Obama wants nation’s children to spend more time in school

Says longer hours in other countries has US lagging

By Libby Quaid
Associated Press / September 28, 2009

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WASHINGTON - Students beware: The summer vacation you just enjoyed could be sharply curtailed if President Obama gets his way.

Obama says American children spend too little time in school, putting them at a disadvantage compared with other students around the globe.

“Now, I know longer school days and school years are not wildly popular ideas,’’ the president said earlier this year. “Not with Malia and Sasha, not in my family, and probably not in yours. But the challenges of a new century demand more time in the classroom.’’

The president, who has a sixth-grader and a third-grader, wants schools to add time to classes, to stay open late, and to let children in on weekends so they have a safe place to go.

“Our school calendar is based upon the agrarian economy, and not too many of our kids are working the fields today,’’ Education Secretary Arne Duncan said.

Fifth-grader Nakany Camara is of two minds. She likes the four-week summer program at her school, Brookhaven Elementary School in Rockville, Md. Nakany enjoys seeing her friends there and thinks summer school helped boost her grades from two C’s to the honor roll.

But she doesn’t want a longer school day. “I would walk straight out the door,’’ she said.

Domonique Toombs felt the same way when she learned she would stay for an extra three hours each day in sixth grade at Boston’s Clarence R. Edwards Middle School.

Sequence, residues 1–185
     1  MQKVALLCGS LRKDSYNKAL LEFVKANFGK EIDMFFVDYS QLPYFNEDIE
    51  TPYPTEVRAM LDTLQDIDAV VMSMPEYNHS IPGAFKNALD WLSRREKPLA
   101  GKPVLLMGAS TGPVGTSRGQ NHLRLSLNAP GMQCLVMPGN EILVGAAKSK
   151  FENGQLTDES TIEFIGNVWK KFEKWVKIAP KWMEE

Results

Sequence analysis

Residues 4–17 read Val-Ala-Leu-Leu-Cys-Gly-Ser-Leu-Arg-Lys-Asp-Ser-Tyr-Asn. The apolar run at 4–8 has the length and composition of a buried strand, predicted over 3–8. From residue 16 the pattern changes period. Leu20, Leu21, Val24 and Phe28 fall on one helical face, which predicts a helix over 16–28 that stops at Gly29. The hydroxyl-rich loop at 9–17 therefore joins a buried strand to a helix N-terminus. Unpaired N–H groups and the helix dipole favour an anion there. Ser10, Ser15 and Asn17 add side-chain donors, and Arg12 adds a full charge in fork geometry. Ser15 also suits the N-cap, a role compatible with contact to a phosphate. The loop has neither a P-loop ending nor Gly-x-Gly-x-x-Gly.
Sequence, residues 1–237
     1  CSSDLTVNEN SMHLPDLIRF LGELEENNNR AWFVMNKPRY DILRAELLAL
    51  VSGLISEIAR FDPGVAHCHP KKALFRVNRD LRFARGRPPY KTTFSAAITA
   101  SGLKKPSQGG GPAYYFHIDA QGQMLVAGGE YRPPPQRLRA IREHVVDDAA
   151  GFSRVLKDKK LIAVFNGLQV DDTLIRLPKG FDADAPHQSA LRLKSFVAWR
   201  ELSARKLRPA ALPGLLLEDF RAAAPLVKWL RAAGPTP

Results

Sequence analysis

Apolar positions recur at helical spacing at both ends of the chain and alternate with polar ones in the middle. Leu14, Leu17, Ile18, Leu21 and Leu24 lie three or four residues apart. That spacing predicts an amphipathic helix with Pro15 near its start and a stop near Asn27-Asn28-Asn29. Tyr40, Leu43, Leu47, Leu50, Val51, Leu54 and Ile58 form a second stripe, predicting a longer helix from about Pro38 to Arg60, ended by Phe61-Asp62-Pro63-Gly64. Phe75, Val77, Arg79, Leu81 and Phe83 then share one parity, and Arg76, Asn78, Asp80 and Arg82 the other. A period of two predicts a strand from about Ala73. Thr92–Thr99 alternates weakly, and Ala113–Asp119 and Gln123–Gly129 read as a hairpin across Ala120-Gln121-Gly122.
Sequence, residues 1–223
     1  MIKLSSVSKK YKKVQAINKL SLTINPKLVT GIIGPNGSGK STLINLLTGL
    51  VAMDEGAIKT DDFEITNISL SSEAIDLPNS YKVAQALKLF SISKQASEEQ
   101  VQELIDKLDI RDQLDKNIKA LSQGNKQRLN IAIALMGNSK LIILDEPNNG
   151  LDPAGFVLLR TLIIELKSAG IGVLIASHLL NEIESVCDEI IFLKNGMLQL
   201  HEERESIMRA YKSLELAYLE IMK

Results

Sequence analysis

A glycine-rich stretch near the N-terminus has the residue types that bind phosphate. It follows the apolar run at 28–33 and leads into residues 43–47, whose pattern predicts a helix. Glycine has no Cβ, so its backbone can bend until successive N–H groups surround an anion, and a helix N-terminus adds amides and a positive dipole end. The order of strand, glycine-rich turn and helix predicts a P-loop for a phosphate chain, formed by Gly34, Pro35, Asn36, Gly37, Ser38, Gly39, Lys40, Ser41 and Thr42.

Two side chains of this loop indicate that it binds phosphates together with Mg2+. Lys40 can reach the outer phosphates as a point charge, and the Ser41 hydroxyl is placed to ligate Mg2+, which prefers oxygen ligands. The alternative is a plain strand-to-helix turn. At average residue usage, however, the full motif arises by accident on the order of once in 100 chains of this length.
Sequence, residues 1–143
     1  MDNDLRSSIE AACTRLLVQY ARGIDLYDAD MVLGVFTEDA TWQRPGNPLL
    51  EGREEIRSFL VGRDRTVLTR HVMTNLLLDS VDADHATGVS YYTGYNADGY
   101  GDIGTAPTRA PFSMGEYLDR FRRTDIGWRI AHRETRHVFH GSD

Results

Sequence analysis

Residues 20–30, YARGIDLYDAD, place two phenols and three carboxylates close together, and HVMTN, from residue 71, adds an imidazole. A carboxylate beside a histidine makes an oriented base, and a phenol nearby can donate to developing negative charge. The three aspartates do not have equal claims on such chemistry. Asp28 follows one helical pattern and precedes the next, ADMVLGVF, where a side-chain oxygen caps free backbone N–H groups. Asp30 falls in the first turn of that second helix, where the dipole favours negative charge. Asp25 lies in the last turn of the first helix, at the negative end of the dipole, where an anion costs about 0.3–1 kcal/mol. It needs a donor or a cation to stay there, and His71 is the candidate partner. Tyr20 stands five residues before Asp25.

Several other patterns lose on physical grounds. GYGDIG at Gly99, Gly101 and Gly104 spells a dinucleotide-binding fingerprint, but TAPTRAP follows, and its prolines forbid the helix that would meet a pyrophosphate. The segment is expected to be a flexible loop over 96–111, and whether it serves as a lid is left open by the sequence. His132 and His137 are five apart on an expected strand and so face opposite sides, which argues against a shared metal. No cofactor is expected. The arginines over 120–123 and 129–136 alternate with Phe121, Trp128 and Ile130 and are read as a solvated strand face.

“That’s three more hours I won’t be able to chill with my friends after school,’’ she said.

Her school is part of a 3-year-old Massachusetts initiative to add 300 hours of school time in nearly two dozen schools. Even reluctant Domonique, who just started ninth grade, feels differently now. “I’ve learned a lot,’’ she said.

Early results of the expanded learning time initiative in Massachusetts indicate that children in some of those schools do better on state tests than do children at regular public schools. The extra time, which schools can add as hours or days, is for three things: core academics - students struggling in English, for example, get an extra English class; more time for teachers; and enrichment time for students.

Obama and Duncan say youths in the United States need more school because students in many other nations spend more time in class.

Researcher Tom Loveless of The Brookings Institution looked at math scores in countries that added math instruction time. Scores rose significantly.

“Ten minutes sounds trivial to a school day, but don’t forget, these math periods in the US average 45 minutes,’’ Loveless said. “Percentage-wise, that’s a pretty healthy increase.’’